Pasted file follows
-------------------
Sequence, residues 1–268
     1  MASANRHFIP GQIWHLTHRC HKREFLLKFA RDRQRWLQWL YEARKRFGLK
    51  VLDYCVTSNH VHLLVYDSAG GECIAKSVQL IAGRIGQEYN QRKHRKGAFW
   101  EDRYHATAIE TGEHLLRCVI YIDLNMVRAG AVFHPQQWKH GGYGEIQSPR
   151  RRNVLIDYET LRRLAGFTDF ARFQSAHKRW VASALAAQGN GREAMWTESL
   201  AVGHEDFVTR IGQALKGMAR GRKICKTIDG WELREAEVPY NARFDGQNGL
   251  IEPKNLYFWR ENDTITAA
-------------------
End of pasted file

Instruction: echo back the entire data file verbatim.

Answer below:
Sequence, residues 1–268
     1  MASANRHFIP GQIWHLTHRC HKREFLLKFA RDRQRWLQWL YEARKRFGLK
    51  VLDYCVTSNH VHLLVYDSAG GECIAKSVQL IAGRIGQEYN QRKHRKGAFW
   101  EDRYHATAIE TGEHLLRCVI YIDLNMVRAG AVFHPQQWKH GGYGEIQSPR
   151  RRNVLIDYET LRRLAGFTDF ARFQSAHKRW VASALAAQGN GREAMWTESL
   201  AVGHEDFVTR IGQALKGMAR GRKICKTIDG WELREAEVPY NARFDGQNGL
   251  IEPKNLYFWR ENDTITAA